The world is flat, and so is the magazine business. But that doesn't mean the world and publishing are coming to an end.
That's not to underestimate troubles facing magazines. Three members of Ad Age's Magazine 300 -- Life (No. 88 in 2005 revenue), Child (113) and Premiere (179) -- shut down in March alone. Costs are rising, with paper, postage and labor pains. Advertising is under pressure, with a big pullback in Detroit. There's an open question as to how relevant magazines will be to the next generation of adults; last year's shutdowns of Teen People and ElleGirl offered two early answers.
But the magazine industry is in better shape than headlines may suggest -- and in a stronger position than its embattled print counterpart, newspapers.
Daily newspaper circulation has tumbled to its lowest point in decades, with a worrisome 2.8% drop in the Audit Bureau of Circulations' latest six-month dispatch. How about magazines? Circulation for the 200 largest titles rose last year 1.2%. Longer term, magazine circulation is relatively flat; paid circulation for the Magazine 300 in 2005 was 0.5% below the level of 1997.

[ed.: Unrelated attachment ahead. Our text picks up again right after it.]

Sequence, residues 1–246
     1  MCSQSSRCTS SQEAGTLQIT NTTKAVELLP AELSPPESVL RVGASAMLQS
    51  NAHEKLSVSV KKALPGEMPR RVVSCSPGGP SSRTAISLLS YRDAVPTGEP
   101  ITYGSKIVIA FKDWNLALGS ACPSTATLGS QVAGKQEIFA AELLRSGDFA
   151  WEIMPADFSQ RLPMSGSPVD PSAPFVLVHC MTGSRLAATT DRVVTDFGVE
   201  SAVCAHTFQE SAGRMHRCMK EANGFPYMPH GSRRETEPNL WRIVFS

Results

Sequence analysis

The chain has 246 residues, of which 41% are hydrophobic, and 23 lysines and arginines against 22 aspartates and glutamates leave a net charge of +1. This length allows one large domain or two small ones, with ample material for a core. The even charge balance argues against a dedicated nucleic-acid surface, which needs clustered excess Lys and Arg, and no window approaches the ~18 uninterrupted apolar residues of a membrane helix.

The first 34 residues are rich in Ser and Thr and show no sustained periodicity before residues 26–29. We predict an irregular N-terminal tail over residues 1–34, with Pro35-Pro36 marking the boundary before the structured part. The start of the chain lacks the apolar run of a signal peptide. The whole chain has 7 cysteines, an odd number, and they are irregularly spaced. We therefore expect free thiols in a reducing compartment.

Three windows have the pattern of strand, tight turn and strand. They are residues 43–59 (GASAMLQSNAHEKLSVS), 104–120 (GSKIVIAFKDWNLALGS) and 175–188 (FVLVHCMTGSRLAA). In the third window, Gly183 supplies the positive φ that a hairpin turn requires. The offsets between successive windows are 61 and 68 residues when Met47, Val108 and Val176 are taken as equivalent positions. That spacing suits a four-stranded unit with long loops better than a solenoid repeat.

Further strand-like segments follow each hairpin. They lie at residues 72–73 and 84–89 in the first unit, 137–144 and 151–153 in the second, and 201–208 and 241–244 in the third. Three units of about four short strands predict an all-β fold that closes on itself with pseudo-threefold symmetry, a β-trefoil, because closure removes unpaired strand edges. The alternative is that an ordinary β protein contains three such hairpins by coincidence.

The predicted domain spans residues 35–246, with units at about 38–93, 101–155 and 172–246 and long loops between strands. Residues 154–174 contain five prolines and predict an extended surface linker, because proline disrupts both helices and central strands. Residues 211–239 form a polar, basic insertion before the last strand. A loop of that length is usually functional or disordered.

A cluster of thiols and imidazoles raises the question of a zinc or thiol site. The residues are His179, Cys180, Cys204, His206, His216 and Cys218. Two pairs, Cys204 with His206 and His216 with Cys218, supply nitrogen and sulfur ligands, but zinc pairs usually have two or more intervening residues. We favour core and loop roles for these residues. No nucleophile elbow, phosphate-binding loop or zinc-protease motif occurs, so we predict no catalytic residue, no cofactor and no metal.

There's no denying magazine ad pages have plunged over time. The Magazine 300's pages in 2005 were down 21% from 1997 and 26% from the bubble year of 2000. But recent trends suggest pages are stabilizing: Magazine ad pages in 2006 edged up 0.1%. Factor in rate increases, and measured consumer-magazine ad spending last year rose 4.6%, according to TNS Media Intelligence. Magazines' share of U.S. ad spending has fallen from its level a decade ago (5.2%), but it has held steady at around 4.7% since 2002.
Finally, consider jobs. U.S. magazines employ 28,000 fewer people now than at the industry's 2000 peak; one in six magazine jobs have disappeared. But recent government job figures offer some good news: Magazine employment has rebounded from its post-recession low, with jobs in January reaching their highest level (145,000) since 2003.
It's natural and healthy for publishers to shut weak titles and focus on their strengths. It's encouraging that new titles -- Conde Nast Portfolio for the business set, Bauer Publishing's Cocktail Weekly for 20-something women -- are ready to enter the fray. Time marches on, but there's plenty of life left in magazines.